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  • noun

Words related to flapper

a young woman in the 1920s who flaunted her unconventional conduct and dress

References in periodicals archive ?
Butches could be Daddies, Garconnes, Sharpers, Scorpions, or Tadpoles, each easily identified by a specific haircut, eyebrow styling, and cut of suit.
Anne-Marie Sohn, "La Garconne Face a l'opinion publique: Type litteraire ou type social des annees 207" Le Mouvement social 80 (1972).
Baker (pronounced as "Bakhair" by the French) was the quintessential garconne (French for "flapper"), and she was virtually an ambassador for the sexual adventurousness of bohemian Paris in the 1920s (Rose 11; Haney 69).
Quiet Logistics is the first Fulfillment to Consumer (F2C) provider to deliver a complete outsourced solution that leverages the game-changing material handling robotics of Kiva Systems to some of the eCommerce industry's fastest growing e-tailers including The Gilt Groupe, Bonobos, Milly, The Shirt, Tucker Blair, La Garconne and Cloudveil.
Focusing on Victor Margueritte's "best-selling" novel, La Garconne, she discerns similarities between the heroine and Drieu la Rochelle's veterans, in so far as both are stunned by their war experiences and both are sterile, the first because of her disavowal of feminine identity indicated by her short hair and promiscuity, the latter because of emasculation by the war and the newly independent woman.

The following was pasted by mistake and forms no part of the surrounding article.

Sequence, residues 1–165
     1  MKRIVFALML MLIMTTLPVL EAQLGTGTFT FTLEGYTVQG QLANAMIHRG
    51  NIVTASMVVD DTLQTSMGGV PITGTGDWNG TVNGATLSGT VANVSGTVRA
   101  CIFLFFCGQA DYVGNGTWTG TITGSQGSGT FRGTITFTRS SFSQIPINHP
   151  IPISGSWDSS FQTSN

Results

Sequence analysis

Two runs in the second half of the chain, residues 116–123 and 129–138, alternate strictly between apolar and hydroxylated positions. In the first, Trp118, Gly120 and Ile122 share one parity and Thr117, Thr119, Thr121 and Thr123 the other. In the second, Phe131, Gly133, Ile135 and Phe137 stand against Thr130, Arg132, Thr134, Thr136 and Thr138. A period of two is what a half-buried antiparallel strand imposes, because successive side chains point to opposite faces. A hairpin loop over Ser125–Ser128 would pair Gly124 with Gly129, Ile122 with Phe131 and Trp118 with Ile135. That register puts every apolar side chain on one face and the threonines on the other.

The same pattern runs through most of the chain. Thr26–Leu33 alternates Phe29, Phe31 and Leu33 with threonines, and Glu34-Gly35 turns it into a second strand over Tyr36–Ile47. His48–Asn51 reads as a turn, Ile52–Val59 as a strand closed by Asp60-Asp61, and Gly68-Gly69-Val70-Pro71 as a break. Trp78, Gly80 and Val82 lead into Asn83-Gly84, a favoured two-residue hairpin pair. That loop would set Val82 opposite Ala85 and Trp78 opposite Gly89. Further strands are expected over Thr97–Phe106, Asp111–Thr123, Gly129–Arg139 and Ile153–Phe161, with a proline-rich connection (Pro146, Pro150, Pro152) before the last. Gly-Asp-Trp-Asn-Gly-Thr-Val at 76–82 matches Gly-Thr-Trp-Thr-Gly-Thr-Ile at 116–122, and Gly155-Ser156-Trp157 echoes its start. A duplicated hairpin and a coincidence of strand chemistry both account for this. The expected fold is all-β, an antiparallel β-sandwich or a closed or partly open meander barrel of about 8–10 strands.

She convincingly explains how women's fashions served to express cultural attitudes about gender and analyzes why popular novels like Victor Margueritte's La Garconne (1922) became so heavily laden with cultural meaning in the early 1920s.
I danced their works but I probably had my biggest success in the role of La Garconne (The Blue Girl) in Nijinska's Les Biches when it was revived in 1964.